Speaking up

Allegations of sexual harassment at Fox News continue to pour in

Rudi Bakhtiar (Youtube)

In early 2007, journalist Rudi Bakhtiar thought she was about to get her big break at Fox News. Her friend and colleague, Brian Wilson, told her that he would soon become Washington bureau chief for the network, and he wanted her to get the weekend correspondent job. But then he allegedly said the words that would undo it all: “You know how I feel about you, Rudi,” Bakhtiar says Wilson told her.

Bakhtiar claims Wilson wanted to establish a friends-with-benefits relationship, an offer that she says she politely rebuffed. But in the wake of the rejection, Bakhtiar says network executives canceled her Washington appearances. A few weeks later, she met with Fox News chairman Roger Ailes, who told her the network was exercising an option to terminate her contract due to poor performance. After going through a mediation process, Fox News paid her an undisclosed amount and Bakhtiar agreed to never speak publicly of her experience.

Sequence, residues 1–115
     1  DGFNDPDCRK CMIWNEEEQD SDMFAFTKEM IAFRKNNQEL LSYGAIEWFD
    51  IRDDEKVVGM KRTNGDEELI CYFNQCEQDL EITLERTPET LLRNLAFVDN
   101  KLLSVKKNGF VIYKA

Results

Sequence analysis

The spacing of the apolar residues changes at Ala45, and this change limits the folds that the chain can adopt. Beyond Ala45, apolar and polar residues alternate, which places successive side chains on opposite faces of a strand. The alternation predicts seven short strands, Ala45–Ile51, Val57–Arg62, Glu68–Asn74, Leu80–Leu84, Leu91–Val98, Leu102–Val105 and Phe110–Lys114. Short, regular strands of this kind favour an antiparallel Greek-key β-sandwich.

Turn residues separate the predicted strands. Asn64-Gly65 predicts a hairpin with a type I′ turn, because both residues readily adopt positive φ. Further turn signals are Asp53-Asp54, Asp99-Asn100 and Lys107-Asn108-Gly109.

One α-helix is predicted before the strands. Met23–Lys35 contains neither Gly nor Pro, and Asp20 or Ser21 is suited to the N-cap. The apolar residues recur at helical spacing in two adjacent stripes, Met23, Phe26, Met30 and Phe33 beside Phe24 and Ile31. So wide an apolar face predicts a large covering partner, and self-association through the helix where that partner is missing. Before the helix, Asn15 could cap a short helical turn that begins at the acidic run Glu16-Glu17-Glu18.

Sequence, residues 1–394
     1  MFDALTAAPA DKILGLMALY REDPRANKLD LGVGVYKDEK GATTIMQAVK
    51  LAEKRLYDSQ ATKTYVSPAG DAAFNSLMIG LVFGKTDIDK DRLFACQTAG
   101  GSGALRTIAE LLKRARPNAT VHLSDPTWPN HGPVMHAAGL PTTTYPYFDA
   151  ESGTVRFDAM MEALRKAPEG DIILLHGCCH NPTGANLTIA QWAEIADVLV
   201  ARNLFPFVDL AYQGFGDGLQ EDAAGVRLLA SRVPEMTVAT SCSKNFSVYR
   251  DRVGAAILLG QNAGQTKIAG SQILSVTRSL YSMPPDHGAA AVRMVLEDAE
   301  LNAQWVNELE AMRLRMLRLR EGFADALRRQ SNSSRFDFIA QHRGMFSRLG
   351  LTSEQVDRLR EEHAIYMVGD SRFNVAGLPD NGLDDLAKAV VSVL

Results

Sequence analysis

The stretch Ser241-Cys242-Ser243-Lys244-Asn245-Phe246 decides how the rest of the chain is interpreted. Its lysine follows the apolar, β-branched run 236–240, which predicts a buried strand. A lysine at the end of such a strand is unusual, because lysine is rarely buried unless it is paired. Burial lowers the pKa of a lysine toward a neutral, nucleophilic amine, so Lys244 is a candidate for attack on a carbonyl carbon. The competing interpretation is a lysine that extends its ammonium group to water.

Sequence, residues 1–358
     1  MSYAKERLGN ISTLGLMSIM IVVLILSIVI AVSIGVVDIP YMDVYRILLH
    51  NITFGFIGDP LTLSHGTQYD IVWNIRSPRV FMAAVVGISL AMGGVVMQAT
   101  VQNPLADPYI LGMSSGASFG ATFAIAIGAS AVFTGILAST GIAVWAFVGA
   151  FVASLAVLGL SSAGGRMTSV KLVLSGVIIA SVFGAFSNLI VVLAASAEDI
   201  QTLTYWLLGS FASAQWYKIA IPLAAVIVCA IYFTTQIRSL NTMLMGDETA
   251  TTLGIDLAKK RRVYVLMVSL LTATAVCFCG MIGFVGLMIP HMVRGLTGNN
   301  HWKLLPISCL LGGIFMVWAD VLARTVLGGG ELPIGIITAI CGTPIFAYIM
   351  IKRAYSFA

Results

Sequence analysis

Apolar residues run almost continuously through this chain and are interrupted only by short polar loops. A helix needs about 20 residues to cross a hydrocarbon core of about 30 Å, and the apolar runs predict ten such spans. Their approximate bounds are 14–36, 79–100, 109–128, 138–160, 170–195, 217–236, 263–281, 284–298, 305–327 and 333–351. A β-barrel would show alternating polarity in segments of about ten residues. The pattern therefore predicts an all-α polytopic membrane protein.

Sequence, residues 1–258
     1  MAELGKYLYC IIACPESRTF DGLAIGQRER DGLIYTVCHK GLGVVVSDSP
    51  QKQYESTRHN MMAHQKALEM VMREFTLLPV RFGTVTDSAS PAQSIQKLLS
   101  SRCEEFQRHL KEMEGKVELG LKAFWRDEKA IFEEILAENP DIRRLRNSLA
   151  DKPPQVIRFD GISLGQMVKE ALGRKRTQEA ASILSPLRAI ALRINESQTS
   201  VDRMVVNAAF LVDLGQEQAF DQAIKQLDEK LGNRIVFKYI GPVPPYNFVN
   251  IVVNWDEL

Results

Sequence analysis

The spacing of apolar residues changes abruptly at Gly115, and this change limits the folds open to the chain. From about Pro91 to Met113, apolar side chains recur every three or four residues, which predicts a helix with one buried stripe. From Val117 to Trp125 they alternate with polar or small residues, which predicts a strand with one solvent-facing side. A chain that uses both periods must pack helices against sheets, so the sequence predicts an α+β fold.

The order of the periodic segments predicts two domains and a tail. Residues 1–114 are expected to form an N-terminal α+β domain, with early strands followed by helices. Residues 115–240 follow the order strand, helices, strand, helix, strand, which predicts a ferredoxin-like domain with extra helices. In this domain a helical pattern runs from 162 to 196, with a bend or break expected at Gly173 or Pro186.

Following the sexual harassment lawsuit from former Fox News anchor Gretchen Carlson filed against Ailes, who resigned from Fox News on Thursday, Bakhtiar says she was emboldened to speak out. Bakhtiar has also said that she’s received moral support from colleagues, including anchor Megyn Kelly. The Times spoke with about a dozen women who said they experienced sexual harassment or intimidation while working at Fox News or the Fox Business Network. With the exception of Bakhtiar, all spoke on the condition of anonymity, due to embarrassment and fear of retribution.

Bakhtiar, who now works as a producer for Reuters, said she felt the potential to help other women in broadcasting was worth the risk of being sued by Fox for breaching her nondisclosure agreement. “What are they going to do? Come after me for money? Garnish my wages? It’ll make a bigger story out of it,” she said. “I just feel like I shut up because I didn’t want to hurt my career. It’s awful what happened to me, and to other people, with a nod from management.”

Read the full story at The New York Times.


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